Even third-party printing companies work the same way. At Bay Photo, for example, the maximum size for a 2×3 ratio print is 30×45 inches (75×115 cm). But, if your image has a 1×4 aspect ratio, you can get a 30×120 inch print — that’s ten feet wide (three meters) on the long side. For most photographers, a print of this size is never going to be a practical option. However, even smaller prints benefit from a panoramic aspect ratio.
Above most sofas and beds, for example, the wall is wider than it is tall. Quite often, the difference is significant. And, for landscape photographers who want to sell their work, home decoration is one of the largest markets. It makes sense to cater to people’s needs, then, and panoramic art is disproportionately popular for bedrooms and living spaces.
For other photographers — those who exhibit at shows and galleries — panoramas help to stand out against other prints on the same wall. Although it is not true in every case, many galleries want a consistent height for their images rather than a consistent length. This means that panoramas are displayed quite large, and thus are more likely to attract attention than typical images.
Not all photographers print their images, of course, so this comparison is not always valid. Still, you never know if one of your images will be in a gallery show at some point, and it is worth the effort to take images with a wide aspect ratio if this occasion arises. I recently visited a gallery of this sort, where the panoramas were far larger than the other prints. They were also, it seemed, among the most popular photographs on display. And, being stitched images, they were just as detailed — if not more so — than most of the other prints in the gallery. If your end goal is a print, keep the panoramic format in mind; panoramas lend themselves to large display more than any other aspect ratio.
3) Extracting Multiple Images
When I visited Iceland over this past summer, I saw some of the most magnificent landscapes of my life. Some locations actually were too beautiful for me to choose a subject quickly — they were almost overwhelming. In a few instances, I took massive, multi-row panoramas for my composition, rather than singling out specific subjects in the field.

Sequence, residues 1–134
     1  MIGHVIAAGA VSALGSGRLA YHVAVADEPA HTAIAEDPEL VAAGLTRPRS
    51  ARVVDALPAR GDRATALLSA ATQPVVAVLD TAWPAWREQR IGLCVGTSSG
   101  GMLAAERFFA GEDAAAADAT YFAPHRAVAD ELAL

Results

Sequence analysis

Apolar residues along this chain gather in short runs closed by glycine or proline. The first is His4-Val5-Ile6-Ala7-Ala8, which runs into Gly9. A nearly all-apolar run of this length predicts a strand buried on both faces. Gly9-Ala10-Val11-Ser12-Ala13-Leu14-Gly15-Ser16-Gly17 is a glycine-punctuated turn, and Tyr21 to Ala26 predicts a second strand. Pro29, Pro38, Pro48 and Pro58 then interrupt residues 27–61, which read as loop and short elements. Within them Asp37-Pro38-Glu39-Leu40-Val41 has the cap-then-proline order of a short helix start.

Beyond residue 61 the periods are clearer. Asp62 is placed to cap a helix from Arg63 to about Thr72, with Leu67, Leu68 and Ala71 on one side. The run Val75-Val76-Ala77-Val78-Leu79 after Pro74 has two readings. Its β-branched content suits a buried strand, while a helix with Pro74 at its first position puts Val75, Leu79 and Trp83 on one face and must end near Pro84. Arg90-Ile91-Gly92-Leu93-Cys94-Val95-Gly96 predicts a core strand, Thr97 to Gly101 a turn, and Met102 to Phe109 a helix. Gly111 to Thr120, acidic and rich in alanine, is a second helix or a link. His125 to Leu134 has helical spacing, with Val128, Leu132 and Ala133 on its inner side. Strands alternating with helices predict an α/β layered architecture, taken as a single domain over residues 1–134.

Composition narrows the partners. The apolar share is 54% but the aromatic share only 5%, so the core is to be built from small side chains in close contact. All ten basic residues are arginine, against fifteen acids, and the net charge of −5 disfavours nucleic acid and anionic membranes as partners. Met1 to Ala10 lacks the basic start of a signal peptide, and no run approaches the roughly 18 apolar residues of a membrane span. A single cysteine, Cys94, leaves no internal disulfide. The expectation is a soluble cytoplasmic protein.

This is not my typical method of composition, but it is worth noting Iceland is so beautiful that I rarely needed to crop my vast panoramas at all — everything in the photo was interesting enough to keep. It also is worth mentioning that the photograph above, a prime example of this technique, is more than 230 megapixels in size — detail that is readily visible in a print. I can print this image about seven feet wide (over two meters) at more than 300 dpi, for example, and at least twice that size without a dramatic loss in quality. The “hidden benefit” is that I can extract ordinary 2×3 photographs from this massive panorama, and the insane number of pixels means that I don’t sacrifice image quality along the way. Consider the image below.
If I were making a set of 2×3 images from Iceland, I would be able to use this photograph without any issue. The perspective it brings is entirely different from the main panorama, and it stands on its own as an interesting scene. Plus, it is still more than 24 megapixels in size — more than enough to print at any reasonable size.
What if I wanted a 9×16 image for my desktop background? I can focus on another part of this panorama and get an equally interesting shot:
This image is, again, a crop from the original panorama. This time, I chose to focus on the mountains on the left-hand side of the frame, which look beautiful in the morning light. Again, this image works well as a crop, and it is not missing much from the original photograph. Plus, it’s more than 100 megapixels — large enough for a print of any size.
Although I do not recommend this approach for everyday photography, there is something to be said for extracting several individual images from a panorama. At the very least, it forces you to consider the large image as a combination of individual compositions, a different thought process that can help you decide what deserves inclusion in the frame. Plus, with the massive detail inherent in stitching photographs together, there is no significant loss in quality if you do choose to crop several versions of the image in post-processing.
These three extra benefits of panoramas, then — composing with more freedom, printing with a larger size limit, and extracting several images per frame — are not definitionally hidden, but they certainly aren’t as obvious as the other benefits of panoramic photography. No matter your preferred genre, panoramas can be a versatile tool in your arsenal — perhaps for more cases than may be clear at first.